He wrote, “The best leaders are more than optimists (though almost every good motivator is a strong positive thinker). They are also futurists. That is, they love to live in the future, dream about the future, talk about the future – and they are always urging people around them to do the same.”

It’s a curious thought. I think the benefits of being a futurist leader we would be:

  1. Sharing your vision is the same as inviting those around you to participate. By trusting your employees to your vision, they feel included in the journey.
  2. Employees understand the Big Picture. This helps them pull in the same direction as you.
  3. Talking out loud allows questions. Your employees can help you understand some other considerations that are needed. Better yet, they can help you with those considerations.
  4. Optimism is better than gloom. Have you ever felt that somehow your bad mood negatively influenced an employee? The opposite would have to be true. Your optimism about the future should affect your employee positively leading to better engagement and less turnover.
  5. Your connection with your employees will grow. They may start to share their own dreams with you thereby deepening the bond.
  6. Help others deal with the change. Change is so much easier when you know it’s coming. Futurists expect change, and you’ll better prepare your team for it.

What do you think about being a futurist? Does it have benefits? Please share your thoughts.

Disclaimer: No one has paid me to mention this book. It is one of my favorite books to keep around and browse through every once in awhile. You can pick up your copy on Amazon or Barnes & Nobles. For your convenience, here are the links:




A Dose of Patience For You

“Patience is a virtue.”

I heard this saying all the time as I was growing up. I don’t hear it as much any more.

Did I stop listening?

The world is a fast-paced environment. Companies want results. Stock prices and world markets make the fortunes of men in the matter of hours. News travels as fast as satellites can transmit.

Does the world need patience anymore?

Recently, I tried to rank my top five virtues. Patience made it into the top five. Is this virtue a relic of my upbringing, or is it still relevant?

I believe it’s still relevant, and I’ve put together some quotes to help you remember this virtue. It could help the next time you are dealing with a problem at work.


Do you have the patience to wait until your mud settles, and the water is clear? Can you remain unmoving until the right action arises by itself?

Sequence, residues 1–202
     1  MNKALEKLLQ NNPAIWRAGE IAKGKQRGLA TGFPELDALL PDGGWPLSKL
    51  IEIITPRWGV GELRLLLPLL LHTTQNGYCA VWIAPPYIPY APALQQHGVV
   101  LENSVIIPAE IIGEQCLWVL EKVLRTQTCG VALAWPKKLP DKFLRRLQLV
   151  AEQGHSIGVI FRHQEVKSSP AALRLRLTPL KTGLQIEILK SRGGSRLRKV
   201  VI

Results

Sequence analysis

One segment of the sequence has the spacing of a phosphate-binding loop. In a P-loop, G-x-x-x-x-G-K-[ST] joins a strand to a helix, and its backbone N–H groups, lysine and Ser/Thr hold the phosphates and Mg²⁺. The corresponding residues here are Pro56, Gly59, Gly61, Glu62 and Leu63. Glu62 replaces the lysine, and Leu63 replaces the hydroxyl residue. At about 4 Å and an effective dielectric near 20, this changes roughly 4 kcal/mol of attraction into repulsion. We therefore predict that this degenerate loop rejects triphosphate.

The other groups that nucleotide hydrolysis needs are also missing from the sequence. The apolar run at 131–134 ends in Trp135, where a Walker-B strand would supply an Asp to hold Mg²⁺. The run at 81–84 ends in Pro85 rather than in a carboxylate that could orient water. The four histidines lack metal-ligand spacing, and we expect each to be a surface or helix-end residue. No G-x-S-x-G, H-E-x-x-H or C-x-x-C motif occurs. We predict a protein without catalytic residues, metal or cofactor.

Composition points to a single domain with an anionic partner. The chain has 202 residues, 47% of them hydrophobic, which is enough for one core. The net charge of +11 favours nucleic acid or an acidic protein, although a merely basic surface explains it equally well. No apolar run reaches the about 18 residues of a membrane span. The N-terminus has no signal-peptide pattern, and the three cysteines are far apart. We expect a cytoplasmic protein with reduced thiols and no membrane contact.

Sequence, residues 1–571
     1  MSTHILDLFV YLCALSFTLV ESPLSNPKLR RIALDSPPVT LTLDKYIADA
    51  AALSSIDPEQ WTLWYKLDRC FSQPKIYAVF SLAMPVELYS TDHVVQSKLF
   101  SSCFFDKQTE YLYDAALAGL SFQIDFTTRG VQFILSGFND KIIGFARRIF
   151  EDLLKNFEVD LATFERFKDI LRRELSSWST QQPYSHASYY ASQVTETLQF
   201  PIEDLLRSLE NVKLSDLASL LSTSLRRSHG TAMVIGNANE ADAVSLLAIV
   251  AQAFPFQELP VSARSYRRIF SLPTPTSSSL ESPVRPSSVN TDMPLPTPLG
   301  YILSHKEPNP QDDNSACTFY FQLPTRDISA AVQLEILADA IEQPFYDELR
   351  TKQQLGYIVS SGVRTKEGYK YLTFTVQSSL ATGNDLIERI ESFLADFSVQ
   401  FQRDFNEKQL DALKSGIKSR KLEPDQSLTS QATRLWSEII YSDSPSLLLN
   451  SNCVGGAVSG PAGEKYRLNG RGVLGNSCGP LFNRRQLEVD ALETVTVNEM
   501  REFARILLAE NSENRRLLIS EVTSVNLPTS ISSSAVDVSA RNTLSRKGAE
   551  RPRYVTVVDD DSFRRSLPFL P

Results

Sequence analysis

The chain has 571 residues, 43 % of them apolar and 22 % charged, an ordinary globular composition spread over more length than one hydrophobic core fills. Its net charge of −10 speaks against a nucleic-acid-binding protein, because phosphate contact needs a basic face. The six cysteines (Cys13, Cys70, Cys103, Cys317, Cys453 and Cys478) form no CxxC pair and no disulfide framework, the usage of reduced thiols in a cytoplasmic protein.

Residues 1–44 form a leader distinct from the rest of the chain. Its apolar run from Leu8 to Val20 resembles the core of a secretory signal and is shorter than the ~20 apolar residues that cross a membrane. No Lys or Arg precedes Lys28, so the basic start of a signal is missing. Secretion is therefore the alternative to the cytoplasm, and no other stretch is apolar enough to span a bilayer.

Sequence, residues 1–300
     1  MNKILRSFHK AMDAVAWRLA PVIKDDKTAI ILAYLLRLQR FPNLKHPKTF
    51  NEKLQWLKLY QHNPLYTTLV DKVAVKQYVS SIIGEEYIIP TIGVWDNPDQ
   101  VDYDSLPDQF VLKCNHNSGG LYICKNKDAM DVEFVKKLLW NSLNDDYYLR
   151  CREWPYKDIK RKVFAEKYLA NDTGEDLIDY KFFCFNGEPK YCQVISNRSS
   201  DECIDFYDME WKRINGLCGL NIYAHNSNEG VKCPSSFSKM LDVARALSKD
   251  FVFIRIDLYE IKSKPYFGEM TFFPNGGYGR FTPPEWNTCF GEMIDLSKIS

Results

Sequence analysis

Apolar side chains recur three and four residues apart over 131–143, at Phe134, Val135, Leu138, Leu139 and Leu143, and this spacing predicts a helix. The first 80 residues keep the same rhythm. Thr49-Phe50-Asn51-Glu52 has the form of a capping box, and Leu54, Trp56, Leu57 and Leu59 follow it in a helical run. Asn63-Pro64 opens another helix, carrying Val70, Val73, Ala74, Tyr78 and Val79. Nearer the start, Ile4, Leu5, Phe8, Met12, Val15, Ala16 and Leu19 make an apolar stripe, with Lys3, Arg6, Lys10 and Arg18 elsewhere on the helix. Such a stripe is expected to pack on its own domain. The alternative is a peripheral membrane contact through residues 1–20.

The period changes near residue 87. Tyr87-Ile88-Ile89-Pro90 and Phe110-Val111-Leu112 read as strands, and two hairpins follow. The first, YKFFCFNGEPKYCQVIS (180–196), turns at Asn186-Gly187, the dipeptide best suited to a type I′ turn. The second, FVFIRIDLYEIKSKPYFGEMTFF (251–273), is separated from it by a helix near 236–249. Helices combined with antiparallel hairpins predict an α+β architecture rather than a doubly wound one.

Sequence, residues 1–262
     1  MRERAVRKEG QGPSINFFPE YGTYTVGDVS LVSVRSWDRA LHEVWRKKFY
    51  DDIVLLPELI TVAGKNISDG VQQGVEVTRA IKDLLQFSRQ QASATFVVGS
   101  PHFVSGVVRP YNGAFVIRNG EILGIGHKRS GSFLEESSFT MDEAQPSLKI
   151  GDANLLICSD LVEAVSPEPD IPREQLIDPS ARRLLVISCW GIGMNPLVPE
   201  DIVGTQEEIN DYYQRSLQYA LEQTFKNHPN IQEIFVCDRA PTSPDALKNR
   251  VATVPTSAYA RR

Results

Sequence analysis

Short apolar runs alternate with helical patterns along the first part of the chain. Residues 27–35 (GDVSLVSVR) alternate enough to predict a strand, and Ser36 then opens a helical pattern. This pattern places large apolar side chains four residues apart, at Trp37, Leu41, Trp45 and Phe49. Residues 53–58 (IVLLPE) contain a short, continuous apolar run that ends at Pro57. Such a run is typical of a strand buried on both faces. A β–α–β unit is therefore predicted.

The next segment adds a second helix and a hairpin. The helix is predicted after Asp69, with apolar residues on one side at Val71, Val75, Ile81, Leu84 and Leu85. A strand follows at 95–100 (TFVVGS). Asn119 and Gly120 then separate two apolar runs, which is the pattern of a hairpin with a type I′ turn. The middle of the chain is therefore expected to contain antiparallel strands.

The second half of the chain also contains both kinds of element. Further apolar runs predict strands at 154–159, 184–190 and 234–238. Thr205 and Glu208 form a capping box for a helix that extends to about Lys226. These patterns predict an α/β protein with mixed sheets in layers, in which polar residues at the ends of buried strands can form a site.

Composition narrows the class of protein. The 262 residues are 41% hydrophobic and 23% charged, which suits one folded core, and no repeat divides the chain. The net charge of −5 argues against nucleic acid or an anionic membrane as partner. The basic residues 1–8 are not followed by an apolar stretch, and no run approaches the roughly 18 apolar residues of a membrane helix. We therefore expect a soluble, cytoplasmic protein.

~ Lao Tzu

lao tzu

Credit: zen-mama.com

Quietly endure, silently suffer and patiently wait.

~ Martin Luther KIng Jr.

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Credit: seattletimes.com

Patience is a key element of success.

~ Bill Gates

Have patience with all things, but, first of all with yourself.

~ St. Francis De Sales


Credit: catholicgentleman.net

Adopt the pace of nature: her secret is patience.

~ Ralph Waldo Emerson

Patience is bitter, but it’s fruit is sweet.

~ Jean-Jacques Rousseau

Great difficulties may be surmounted by patience and perseverance.

~ Abigail Adams

Patience and perseverance have a magical effect before which difficulties disappear and obstacles vanish.

~ John Quincy Adams

Tolerance and patience should not be read as signs of weakness. They are signs of strength.

~ Dalai Lama

Seek patience and passion in equal amounts. Patience alone will not build the temple. Passion alone will destroy its walls.

~ Maya Angelou

The two most powerful warriors are patience and time.

~ Leo Tolstoy

How poor are they that have not patience! What would did ever heal but by degrees?

~ William Shakespeare

If I have done the public any service, it is due to my patient thought.

~ Isaac Newton

He that can have patience can have what he will.

~ Benjamin Franklin

Most of all, be patient with the development of your employees. The good ones will eventually become all-stars and work their hardest for you.

~ Joe Croarkin

Tell me, is patience a forgotten virtue? Share your thoughts!


Little League Lessons In the Workplace

Matt Third Base-min

My son has been playing in the Little League All-Star tournaments since early June. Today, he is playing in the championship game for Nevada.

I’ve always had an influence in his baseball life. I’ve helped coach his teams in 7 of the 8 years he’s played. When he plays on a team I don’t coach (like this All-Star team), I always have encouraging words to say to him to help his progress. Here is a recap of some of the encouragement I’ve given him this tournament and how it relates to business coaching.

“Win every pitch.”

He was the starting pitcher the game before last against the tournament favorites. Before the game, I told him that the game is not won inning by inning or batter by batter. It starts with trying to win every pitch.